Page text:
Indeed, a standard science-fiction hypothetical example (which actually appears in the Alabama Supreme Court opinion for a different purpose) asks whether there should be a right to abortion in the event of the invention of an artificial womb. The standard argument against is that in such circumstances, any right to abortion would have to be justified solely based on the interest in avoiding parenthood and not based on the interest in bodily integrity. Some people think that even in that science-fiction scenario, the interest in avoiding parenthood post-conception should suffice to ground a right to terminate (at least early in fetal development), while others think that there should be no right to abortion absent the interest in bodily integrity. But to my knowledge, nobody thinks that there's a stronger basis for a right to abort a fetus developing in an external artificial womb than inside a woman's body.

And yet, that's the logic of the support in Alabama--and apparently more broadly, even among people who oppose abortion--for allowing IVF and its inevitable destruction of embryos but disallowing abortion from conception onward. In what appears to be the view of the political leaders of one of the most anti-abortion states in the country, the fact that an embryo is inside a woman's body gives her fewer rights than if it were outside her body. The conclusion seems inescapable that for Alabama, controlling women is a feature, not a bug, of prohibiting abortion.

But wait. Maybe I'm being unfair. Isn't the real problem with forbidding IVF that it frustrates a very important countervailing interest--namely, the interest in becoming parents of people who are having difficulty conceiving unassisted? It certainly is, but upon inspection, that doesn't contradict my analysis. Two considerations explain why.

First, it's worth observing that the anti-abortion movement has long touted adoption as an alternative to abortion. But if pregnant women can be told that they should deliver full-term babies and give them up for adoption, why can't fertility-challenged women and couples be told that they should become parents via adoption? In each scenario, adoption would render abortion (of a fetus or embryo) unnecessary.

Second, consider a little thought experiment. Imagine a disease in which, in order to become pregnant, a woman needed injections of a serum that can only be obtained from aborted fetuses. Surely no one in  the pro-life movement would say that it's permissible for other women to become pregnant and have abortions in order to provide the serum for the women who need it to become pregnant. And yet, remember, from the perspective of the pro-life movement, killing an early-stage embryo is tantamount to abortion. So if the goal of becoming a parent justifies IVF despite IVF's inevitable destruction of embryos (i.e., the moral equivalent of abortion), it should also justify having abortions to produce the serum to enable pregnancy. The fact that it almost certainly does not should tell us that the goal of becoming a parent isn't doing quite the work that we might think.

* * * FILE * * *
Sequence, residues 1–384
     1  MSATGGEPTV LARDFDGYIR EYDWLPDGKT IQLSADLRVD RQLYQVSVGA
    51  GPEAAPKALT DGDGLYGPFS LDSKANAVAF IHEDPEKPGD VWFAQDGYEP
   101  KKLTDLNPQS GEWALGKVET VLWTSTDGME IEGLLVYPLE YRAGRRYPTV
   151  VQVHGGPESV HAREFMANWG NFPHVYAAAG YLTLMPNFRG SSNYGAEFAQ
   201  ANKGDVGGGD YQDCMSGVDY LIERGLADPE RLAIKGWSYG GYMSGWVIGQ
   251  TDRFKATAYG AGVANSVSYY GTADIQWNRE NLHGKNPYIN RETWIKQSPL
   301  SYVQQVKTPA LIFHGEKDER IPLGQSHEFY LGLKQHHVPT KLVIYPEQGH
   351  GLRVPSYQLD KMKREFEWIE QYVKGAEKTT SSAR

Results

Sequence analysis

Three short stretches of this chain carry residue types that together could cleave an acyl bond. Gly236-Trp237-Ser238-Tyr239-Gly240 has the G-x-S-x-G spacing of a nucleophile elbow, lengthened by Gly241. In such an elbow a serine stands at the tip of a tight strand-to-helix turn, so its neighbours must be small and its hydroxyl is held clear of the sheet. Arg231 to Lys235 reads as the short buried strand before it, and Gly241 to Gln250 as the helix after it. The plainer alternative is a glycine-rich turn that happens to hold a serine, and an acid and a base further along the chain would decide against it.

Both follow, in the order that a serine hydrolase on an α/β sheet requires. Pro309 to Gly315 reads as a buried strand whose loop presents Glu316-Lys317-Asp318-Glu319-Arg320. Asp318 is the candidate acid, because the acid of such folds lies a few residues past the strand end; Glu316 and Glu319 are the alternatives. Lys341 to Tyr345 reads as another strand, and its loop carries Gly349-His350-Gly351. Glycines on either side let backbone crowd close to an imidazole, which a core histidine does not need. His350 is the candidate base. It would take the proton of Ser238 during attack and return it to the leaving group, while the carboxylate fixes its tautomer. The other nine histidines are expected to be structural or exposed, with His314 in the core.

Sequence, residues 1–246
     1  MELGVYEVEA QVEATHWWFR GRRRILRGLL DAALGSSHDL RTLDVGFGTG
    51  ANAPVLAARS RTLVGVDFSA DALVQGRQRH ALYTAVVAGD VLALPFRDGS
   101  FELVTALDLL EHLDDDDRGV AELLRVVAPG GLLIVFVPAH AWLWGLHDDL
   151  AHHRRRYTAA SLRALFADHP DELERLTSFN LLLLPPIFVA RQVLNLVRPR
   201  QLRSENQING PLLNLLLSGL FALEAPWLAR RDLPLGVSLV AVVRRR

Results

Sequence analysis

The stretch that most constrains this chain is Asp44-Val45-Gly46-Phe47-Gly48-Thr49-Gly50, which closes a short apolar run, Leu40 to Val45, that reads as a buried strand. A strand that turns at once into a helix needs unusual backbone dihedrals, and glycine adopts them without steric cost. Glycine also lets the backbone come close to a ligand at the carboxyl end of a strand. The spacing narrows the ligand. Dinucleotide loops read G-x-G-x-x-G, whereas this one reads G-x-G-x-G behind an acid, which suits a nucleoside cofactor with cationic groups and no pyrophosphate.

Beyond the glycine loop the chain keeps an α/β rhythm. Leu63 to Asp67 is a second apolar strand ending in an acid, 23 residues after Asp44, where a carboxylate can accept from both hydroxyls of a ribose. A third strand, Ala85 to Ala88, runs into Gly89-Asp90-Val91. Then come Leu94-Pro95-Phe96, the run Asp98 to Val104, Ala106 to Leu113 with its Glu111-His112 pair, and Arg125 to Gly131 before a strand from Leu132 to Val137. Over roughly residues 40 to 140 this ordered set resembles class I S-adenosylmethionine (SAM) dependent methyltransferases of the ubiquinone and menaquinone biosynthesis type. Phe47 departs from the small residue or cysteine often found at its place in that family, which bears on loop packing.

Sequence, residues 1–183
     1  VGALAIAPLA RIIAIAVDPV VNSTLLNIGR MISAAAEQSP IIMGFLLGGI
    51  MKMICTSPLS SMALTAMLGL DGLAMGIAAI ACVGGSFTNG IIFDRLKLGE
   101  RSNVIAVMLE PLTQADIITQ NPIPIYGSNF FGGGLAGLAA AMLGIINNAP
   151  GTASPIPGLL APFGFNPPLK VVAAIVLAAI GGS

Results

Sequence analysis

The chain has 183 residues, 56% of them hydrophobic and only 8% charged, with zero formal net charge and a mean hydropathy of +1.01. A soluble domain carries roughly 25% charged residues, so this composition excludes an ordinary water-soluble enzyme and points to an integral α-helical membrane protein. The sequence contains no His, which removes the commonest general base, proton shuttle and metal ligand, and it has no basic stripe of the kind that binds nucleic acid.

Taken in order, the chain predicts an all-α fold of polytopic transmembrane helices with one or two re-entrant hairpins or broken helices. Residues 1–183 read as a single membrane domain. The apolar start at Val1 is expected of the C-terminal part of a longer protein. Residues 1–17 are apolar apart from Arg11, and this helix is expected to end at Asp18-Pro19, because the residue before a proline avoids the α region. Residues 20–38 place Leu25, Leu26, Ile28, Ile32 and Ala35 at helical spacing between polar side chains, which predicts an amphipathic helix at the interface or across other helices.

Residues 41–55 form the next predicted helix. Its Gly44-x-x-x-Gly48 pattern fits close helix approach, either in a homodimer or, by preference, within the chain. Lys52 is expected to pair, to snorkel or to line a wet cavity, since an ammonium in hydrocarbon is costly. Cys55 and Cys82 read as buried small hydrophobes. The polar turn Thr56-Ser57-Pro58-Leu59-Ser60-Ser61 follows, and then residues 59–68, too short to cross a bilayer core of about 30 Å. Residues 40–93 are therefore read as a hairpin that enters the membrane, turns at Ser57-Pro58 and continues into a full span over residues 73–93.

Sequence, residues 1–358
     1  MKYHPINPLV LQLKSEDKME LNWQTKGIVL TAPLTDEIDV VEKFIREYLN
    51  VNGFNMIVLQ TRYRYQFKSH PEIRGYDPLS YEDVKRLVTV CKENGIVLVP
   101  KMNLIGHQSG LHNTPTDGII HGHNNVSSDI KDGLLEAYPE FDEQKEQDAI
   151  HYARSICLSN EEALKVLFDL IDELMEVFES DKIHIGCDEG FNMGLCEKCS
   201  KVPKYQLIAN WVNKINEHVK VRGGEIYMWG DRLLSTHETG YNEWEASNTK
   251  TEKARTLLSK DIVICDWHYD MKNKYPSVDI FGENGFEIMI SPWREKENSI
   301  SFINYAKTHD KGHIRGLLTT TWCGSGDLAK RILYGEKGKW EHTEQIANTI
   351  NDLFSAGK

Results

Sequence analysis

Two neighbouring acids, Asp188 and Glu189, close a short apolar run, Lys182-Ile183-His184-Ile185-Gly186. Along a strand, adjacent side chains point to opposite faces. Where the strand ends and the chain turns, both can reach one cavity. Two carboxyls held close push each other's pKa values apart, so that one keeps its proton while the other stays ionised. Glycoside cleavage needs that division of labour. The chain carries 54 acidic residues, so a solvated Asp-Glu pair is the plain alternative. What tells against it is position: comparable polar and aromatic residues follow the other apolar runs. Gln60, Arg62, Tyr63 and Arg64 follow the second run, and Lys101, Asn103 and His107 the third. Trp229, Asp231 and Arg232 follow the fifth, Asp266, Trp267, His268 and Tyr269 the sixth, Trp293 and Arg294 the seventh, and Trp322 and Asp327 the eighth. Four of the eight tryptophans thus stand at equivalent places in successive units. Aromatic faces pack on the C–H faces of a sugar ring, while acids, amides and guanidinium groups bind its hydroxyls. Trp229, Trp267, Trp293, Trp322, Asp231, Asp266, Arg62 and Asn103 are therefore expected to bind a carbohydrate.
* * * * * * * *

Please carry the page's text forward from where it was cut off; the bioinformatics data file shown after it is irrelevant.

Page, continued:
What is doing the work? To my mind, the answer is straightforward. Very many opponents of abortion don't regard the intrusion on women's bodily autonomy as any kind of cost at all. Rather, a woman becoming pregnant and then giving birth is simply carrying out the role assigned to her by God and nature. The U.S. Supreme Court said as much in 1872: "The paramount destiny and mission of woman are to fulfill the noble and benign offices of wife and mother. This is the law of the Creator." Abortion, even in the very earliest stages of pregnancy, flies in the face of that destiny and mission. IVF fulfills it.



* Addendum: Above I used the words "woman" and "mother" to describe pregnant persons, notwithstanding the fact that some nonbinary persons and transgender men are capable of pregnancy. I did so here because my goal is to unearth the logic of the anti-abortion movement, which is directed at women (or people assigned female at birth), even though it also affects others as well. In other contexts, I use more gender-inclusive language.